How to claim up to £4,500 FREE cash help for rent bills if you’re struggling

BRITS struggling to pay rent could get help worth thousands of pounds.

Discretionary Housing Payment is a little known pot of money handed out by councils to those struggling to keep a roof over their heads.

Anyone getting benefits for housing in England and Wales can apply for the financial support.

You could be eligible if you're getting Housing Benefit or the Housing Element of Universal Credit and are struggling with rent costs.

The exact amount you get depends on where you live as each local authority dishes out the cash on a case-by-case basis.

The average amount handed out across the country is £527, new figures reveal.

But some areas are giving out thousands of pounds, and in one area as much as £4,496 was given out between April and September.

In Lewisham, south east London, 165 families have been given £742,000 between them to help with housing costs this year.

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Six other locations in London including Westminster, Ealing and Harrow have handed out just over £2,000 on average.

Housing costs in the capital are often higher than other locations across the country.

The amount councils can give out also depends on how many people need it.

As there is a set pot of cash for each area, the more people who apply the less money can be given out to each person who applies.

Nearly 6,500 applications were made in Liverpool – more than any other location -with the average amount given out £181.

The amounts are averages though, which means that some people have been given larger amounts and others less.

Each council decides how much you can get depending on each persons needs and how much cash they have to give out.

You need to apply through your local council for Discretionary Housing Payment and you can find your local council by searching your postcode here.

How much is Discretionary Housing Payment?

There is no fixed amount for Discretionary Housing Payment and what you get may cover only some of your housing costs, not all of it.

There is also no fixed way of getting the payment – you may get it paid as a one-off lump sum, or as a regular payment, for example monthly.

The payment may be ongoing or have an end date – if you're claiming it then it's worth checking when it will finish.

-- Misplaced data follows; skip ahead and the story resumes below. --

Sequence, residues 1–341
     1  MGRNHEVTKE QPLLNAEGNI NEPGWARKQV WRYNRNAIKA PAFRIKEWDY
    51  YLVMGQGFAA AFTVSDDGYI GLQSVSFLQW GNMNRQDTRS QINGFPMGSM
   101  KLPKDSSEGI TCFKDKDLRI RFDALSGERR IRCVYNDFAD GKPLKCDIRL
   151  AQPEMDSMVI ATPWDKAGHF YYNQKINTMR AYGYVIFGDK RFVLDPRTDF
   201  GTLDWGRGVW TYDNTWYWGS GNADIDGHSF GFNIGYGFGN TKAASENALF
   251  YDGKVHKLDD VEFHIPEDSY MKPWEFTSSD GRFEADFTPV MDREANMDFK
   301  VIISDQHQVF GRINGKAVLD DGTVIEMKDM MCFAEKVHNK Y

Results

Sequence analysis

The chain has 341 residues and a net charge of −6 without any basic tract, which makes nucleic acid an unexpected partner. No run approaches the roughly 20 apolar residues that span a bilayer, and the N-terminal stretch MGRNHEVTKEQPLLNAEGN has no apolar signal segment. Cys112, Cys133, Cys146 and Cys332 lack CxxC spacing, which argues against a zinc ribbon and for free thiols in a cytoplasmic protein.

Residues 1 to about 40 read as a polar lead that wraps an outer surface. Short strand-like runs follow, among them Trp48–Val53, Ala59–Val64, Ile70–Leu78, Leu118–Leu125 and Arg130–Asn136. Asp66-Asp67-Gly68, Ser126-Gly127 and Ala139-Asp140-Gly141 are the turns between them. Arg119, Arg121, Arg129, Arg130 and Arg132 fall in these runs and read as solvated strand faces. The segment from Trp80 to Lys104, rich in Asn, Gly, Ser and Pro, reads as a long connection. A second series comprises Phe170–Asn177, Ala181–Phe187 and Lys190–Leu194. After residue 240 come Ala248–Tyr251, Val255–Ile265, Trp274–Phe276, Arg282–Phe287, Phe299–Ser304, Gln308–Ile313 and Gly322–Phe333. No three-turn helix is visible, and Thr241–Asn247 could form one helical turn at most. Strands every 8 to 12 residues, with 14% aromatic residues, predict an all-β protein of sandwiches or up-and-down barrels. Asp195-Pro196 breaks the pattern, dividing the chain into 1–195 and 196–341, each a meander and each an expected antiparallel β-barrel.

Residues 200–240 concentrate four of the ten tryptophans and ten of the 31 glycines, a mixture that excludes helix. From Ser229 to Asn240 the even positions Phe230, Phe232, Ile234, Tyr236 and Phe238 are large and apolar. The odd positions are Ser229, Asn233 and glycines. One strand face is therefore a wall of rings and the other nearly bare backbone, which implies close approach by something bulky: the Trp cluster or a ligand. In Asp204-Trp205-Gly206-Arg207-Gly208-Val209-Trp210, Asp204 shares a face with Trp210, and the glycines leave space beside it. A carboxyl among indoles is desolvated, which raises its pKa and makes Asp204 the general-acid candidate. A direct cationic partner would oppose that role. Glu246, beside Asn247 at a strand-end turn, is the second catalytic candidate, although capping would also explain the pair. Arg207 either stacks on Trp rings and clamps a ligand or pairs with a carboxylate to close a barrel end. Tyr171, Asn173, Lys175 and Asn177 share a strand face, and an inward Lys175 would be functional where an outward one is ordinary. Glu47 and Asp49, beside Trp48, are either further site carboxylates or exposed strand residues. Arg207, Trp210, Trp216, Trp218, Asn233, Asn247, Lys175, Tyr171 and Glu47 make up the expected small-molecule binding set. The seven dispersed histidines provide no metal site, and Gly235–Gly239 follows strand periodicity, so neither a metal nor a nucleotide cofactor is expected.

If you still need help after the support ends, you can apply for the payment again, although there's no guarantee of getting it or that it will be the same amount if you do.

There's no limit on the amount of times you can apply for the payment.

Once a council uses up all the funding that's it, and it may have to turn down applications if there is no more cash left.

If you apply for DHP and are turned down you can ask the council to reconsider.

You can also apply again after being turned down if your circumstances have changed.

Equally, if you get the payment and your circumstances change you'll also need to let the council know as it could affect your entitlement to the money.

The payment you get could to you directly, or be paid straight to your landlord

You may also be able to get the payment backdated.

Who is eligible for Discretionary Housing Payment?

You may be able to get Discretionary Housing Payment (DHP) in the if you are entitled to Housing Benefit, or the housing element of Universal Credit.

There's a similar scheme of the same name in Scotland which can also provide support for housing costs, but with different eligibility criteria.

If the benefits you're currently getting still don't cover the cost of your housing then you may be able to get the help.

The payment is discretionary, which means that the financial support given out is decided on case by case basis.

DHP may be given in the following circumstances, but there are circumstances where you could get it too.

  • You've been affected by the benefit cap, bedroom tax or local housing allowance rate changes
  • Your housing benefit is not enough to cover your rent
  • You're moving home and need a rent deposit or rent advance, or help with moving costs

If your benefits are reduced because of an overpayment and that means you can't pay all or some of your rent, unfortunately you won't be able to get DHP.

You also can't get DHP to cover council tax or service charges.

Check out how else you can get help paying rent and housing costs.

There's also support for anyone struggling with bills.

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